This is a guest post in the continuing series of people’s first-hand experiences with adoption. Enjoy.

We are Susan & Tom. Our family was formed via adoption.

We were very fortunate in our journeys. We adopted our children in 2001 and 2003 before the process became digital. We started the discussion about adoption with a private attorney in November of 2000. We worked with a local agency to help us through the homestudy process; wrote a “Dear Birthmother” letter and went to Kinko’s to put together the letter with color photos.  Right before Christmas in 2000, we heard about a potential adoption situation through a friend who heard through her adoption lawyer. Our son was born in February of 2001 – it was total serendipity. We sent off one letter and that was it.

When we decided to try for number 2, we followed a similar process – updating our home study and “Dear Birthmother” letter. We knew we weren’t going to get as lucky as with our son where situation literally fell into our laps so in addition to our attorney, we also registered with a couple of agencies across the country. Ultimately, after a couple of months, our attorney matched us with a birthmother out west. Our daughter was born approximately eight months after we started our journey. Again, serendipitous – we know of many families whose adoption plans have heartbreakingly fallen through at the last minute after long journeys. We’re not sure if now having an on-line profile helps or not – only that our methodology worked beautifully for us. The most important piece of advice we received was to let everyone know that we wanted to adopt. You never know who will hear of a situation. Just like with our son’s placement, a chance encounter by a friend can lead to a miracle.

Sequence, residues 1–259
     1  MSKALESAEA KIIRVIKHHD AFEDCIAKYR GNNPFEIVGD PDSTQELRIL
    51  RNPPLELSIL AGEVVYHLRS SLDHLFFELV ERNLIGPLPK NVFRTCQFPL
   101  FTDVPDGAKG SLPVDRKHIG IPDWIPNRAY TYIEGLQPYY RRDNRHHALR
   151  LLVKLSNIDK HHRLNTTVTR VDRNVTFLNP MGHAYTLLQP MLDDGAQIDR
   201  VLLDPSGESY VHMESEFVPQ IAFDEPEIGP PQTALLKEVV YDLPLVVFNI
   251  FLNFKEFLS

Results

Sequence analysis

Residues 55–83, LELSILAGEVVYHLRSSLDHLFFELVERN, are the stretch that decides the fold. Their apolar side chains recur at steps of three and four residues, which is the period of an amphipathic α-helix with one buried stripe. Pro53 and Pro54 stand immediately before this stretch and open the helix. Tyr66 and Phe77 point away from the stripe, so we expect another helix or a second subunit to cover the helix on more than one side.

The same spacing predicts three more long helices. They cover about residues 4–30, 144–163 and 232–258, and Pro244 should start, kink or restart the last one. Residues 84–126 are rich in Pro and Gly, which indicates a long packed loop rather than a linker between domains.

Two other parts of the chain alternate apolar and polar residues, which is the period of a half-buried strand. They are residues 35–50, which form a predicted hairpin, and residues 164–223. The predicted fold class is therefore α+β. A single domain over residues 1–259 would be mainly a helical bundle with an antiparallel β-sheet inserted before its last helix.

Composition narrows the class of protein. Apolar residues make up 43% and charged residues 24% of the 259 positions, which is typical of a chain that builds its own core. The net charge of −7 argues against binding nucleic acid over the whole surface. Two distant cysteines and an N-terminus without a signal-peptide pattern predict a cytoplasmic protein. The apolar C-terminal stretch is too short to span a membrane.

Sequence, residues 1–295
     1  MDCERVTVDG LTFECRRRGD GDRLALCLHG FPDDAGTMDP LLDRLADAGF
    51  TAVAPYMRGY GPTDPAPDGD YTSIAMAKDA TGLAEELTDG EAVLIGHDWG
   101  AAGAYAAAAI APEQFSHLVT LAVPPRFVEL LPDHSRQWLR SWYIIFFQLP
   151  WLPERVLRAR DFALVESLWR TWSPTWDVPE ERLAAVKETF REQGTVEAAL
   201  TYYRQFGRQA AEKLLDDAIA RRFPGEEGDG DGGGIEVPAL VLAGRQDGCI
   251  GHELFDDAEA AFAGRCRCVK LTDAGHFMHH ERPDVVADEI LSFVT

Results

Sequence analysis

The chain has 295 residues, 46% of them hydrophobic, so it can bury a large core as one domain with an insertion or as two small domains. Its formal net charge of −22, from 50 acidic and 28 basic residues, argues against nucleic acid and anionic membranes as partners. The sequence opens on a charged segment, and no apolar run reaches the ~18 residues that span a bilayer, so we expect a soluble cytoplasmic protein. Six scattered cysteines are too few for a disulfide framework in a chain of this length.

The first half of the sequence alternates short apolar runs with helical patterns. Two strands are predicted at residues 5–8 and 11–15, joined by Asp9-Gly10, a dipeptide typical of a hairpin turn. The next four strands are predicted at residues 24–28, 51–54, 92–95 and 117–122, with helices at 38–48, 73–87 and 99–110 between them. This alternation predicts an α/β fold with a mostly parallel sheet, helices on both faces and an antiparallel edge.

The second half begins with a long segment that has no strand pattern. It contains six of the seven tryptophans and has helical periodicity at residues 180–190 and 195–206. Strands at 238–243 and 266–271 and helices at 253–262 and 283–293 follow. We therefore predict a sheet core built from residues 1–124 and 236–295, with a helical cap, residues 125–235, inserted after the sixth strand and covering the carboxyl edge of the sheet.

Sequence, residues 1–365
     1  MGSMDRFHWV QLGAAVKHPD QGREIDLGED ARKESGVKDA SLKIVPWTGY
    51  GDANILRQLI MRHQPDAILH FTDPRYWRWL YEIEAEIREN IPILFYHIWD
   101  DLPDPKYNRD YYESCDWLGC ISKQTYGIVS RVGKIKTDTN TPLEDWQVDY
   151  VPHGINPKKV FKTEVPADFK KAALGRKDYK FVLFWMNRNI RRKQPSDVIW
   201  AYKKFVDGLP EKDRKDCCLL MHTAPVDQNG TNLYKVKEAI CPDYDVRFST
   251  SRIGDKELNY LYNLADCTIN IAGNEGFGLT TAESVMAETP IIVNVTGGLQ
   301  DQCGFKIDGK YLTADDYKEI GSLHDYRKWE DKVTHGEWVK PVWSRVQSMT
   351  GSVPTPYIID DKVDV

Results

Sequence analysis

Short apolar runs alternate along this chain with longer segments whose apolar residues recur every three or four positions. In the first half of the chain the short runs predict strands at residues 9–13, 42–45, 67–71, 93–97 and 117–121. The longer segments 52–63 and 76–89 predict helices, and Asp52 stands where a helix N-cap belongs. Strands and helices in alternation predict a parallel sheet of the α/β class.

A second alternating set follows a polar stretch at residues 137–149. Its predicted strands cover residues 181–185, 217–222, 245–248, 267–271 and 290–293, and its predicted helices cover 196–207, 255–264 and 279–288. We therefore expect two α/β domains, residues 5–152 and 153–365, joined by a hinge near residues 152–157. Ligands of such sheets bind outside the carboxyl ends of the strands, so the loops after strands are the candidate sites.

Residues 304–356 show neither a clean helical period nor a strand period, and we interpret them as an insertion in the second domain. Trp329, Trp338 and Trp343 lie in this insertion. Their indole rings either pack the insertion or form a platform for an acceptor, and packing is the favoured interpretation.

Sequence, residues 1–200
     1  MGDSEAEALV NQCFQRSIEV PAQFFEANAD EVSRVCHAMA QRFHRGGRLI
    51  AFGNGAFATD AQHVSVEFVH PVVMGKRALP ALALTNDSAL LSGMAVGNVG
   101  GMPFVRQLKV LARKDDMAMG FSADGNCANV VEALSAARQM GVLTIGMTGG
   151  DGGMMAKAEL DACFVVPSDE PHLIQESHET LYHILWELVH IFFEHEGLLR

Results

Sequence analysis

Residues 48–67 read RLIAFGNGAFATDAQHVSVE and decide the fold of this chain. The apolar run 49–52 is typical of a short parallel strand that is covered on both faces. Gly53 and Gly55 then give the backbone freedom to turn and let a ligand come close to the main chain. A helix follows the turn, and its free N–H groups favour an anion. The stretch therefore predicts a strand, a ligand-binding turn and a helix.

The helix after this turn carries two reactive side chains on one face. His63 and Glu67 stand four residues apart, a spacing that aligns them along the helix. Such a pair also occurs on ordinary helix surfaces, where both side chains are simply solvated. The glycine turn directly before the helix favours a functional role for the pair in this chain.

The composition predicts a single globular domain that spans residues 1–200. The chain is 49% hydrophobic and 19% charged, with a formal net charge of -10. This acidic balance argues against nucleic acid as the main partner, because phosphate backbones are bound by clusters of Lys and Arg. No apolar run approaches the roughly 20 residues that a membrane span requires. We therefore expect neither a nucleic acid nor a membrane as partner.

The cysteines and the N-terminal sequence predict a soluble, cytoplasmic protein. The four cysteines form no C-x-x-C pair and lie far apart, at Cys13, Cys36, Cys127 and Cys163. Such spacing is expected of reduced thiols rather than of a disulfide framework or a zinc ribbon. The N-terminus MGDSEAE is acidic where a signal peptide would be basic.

As adoptive parents, a pet peeve is that non-adoptive parents dwell on “adoption status” and don’t realize that our kids are our kids. Or we read an article and someone is referred to as “the adoptive son of”. Why is this relevant? We don’t think about our children’s birth status on a daily basis – they’re just our kids. The fact that they’re not biologically connected to us is a tidbit like the fact that Susan has brown eyes — but in no way does either fact impact our ability to be a family. We guarantee that we love our kids as much as any parent who is genetically related to their kids. We’re happy and fortunate to say that adoption has been a great way to build our family.


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